The Patient’s Question— Unanswered
Spring 2011 - Volume 15 Number 2
Because you are reading this, the chances are that you are a health professional, probably a physician. Whatever your relationship to health care, I want you to take off your professional hat for a moment, and imagine that you are a patient who has just received a diagnosis. Your condition is potentially serious in the future, but not automatically so. Your immediate issue is to decide between therapy A and therapy B. Whichever you choose, you will have to commit to it for a considerable time without knowing any direct benefit, in the hope of future benefit. As you start to discuss this choice with your physician, you have one main question in mind. Now stop reading—and before going on figure out what that question is.
The Patient's Question My answer is "which treatment should I choose?," but obviously the real question behind that is "which treatment will give me more benefit?" Until doctors become seers, this is not an answerable question. But a very closely related question that could be answered is "what is the probability that I will do better on A than on B?" My purpose here is to argue that we could be answering this kind of question with existing knowledge, and that it provides a far richer and more useful way to understand medical research results than the ways that we customarily use now.
I call this The Patient's Question (TPQ): what is the probability I will do better on A than B? When I bring this up with colleagues they usually say that I'm not really raising any fundamental issue here, because we can compute this probability from studies in the literature, if we want to. I have yet to find anyone, however, who can actually do this. Some start out by thinking maybe the reported p-value is the answer, but that isn't even close. Others say that you can see how far apart the measures of benefit were in the A-treated-group and the B-treated-group, take into account the standard deviations of the estimates, and use those somehow. But when it comes to the computation I asked for, they can't resolve the "somehow" part. When the outcome is a yes/no type (such as: recovered or not, went into remission or not, had improved condition or not) then some are convinced that the fractions of successes in the two groups answer the question. But they can't do the conversion to answer TPQ either, and there are mathematical reasons why they can't. I have yet to see any publication in the biomedical research literature that presented an answer to TPQ.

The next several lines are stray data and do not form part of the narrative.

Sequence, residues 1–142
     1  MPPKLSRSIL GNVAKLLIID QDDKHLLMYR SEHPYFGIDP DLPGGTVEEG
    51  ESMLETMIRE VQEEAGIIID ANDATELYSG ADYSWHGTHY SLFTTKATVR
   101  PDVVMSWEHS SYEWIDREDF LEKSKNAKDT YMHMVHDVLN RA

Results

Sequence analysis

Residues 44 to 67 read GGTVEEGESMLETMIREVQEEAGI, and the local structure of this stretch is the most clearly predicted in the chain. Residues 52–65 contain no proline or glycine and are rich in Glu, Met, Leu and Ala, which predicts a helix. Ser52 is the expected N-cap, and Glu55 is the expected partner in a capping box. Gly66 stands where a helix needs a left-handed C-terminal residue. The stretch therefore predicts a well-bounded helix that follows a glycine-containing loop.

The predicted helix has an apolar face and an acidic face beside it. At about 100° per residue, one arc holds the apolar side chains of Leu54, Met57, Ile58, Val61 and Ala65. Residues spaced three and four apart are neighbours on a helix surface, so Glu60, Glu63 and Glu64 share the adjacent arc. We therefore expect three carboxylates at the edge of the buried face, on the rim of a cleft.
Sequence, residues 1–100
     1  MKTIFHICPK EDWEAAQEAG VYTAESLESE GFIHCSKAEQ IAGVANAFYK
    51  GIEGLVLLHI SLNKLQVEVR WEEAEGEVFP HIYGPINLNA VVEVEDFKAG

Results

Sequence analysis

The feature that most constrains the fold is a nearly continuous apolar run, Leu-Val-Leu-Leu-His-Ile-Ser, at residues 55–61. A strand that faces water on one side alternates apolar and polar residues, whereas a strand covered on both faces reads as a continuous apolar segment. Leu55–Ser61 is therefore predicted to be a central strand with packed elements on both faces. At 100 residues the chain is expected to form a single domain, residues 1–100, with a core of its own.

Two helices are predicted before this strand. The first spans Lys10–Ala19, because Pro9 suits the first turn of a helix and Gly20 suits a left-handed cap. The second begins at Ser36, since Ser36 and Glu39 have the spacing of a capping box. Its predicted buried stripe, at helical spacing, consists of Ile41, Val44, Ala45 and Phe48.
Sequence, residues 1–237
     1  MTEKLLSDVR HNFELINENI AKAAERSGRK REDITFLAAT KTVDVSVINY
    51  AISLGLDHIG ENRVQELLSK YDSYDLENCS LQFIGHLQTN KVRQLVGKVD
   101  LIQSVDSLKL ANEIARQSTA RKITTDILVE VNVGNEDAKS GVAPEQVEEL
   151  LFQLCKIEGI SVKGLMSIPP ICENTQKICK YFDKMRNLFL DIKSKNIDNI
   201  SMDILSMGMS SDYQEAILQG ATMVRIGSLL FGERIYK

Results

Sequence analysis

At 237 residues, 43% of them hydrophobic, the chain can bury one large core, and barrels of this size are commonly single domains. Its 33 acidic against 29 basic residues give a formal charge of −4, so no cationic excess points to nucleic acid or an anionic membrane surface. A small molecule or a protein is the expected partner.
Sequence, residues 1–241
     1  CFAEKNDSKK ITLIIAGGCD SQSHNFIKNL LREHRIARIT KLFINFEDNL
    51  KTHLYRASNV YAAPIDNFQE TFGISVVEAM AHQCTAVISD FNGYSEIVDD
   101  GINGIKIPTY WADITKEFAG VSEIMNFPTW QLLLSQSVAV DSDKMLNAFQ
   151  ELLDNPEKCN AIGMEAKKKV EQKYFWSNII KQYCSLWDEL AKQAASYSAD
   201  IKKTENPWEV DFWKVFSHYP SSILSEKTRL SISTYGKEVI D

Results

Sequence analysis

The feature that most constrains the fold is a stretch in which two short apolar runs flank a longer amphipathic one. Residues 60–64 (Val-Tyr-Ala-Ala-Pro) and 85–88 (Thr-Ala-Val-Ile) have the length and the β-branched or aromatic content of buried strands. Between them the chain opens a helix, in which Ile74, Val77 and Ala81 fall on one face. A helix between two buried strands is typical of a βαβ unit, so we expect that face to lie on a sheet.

The Perfect Experiment There is a methodological reason why we don't answer TPQ, and considering that reason can lead us to some potential strategies for finding answers. The basic idea is somewhat philosophical, but for those who don't want to go down that path, they should recognize that philosophical beliefs can have considerable impact on real events. Think about what a perfect medical experiment would be. We would give the patient A and then record what happens. We then turn back the clock to the pretreatment time, and now give the patient B without changing anything else in the world, and record what happens. Surely the difference between what happened in these two cases is the causal effect of one treatment relative to the other. No doubt the causal effect is what we are looking for, and it completely answers TPQ. And even more surely, the perfect experiment is impossible.
The Almost-Perfect Experiment. My solution to this problem would be to carry out the almost-perfect experiment. I would match two patients on as many factors as I could, trying to include all of those that are important for eventual success or failure on any given therapy. Even though there would inevitably be residual differences between them, therapeutically they would be as alike as I can achieve. I would then take the position that these highly matched patients shared an A-response and a B-response (or nearly so). Measuring an A-response on one of them is the same as measuring it on both, and the same for the B-response. By giving one A and the other B, I obtain (an estimate of) the within-patient causal effect of treatment. If I do this over enough pairs, then I can compute the fraction of times in which the A-response was better than the B-response, the fraction where the B-response was better than the A-response, and the fraction where they were for all intents and purposes equivalent. I can then answer TPQ, and even better, I can give the probability that it won't make any essential difference whether they take A or B. By way of contrast, in the standard cohort-based approach differences between the two partners are computed and then summarized over the entire sample, thus discarding the (admittedly approximate) within-person information.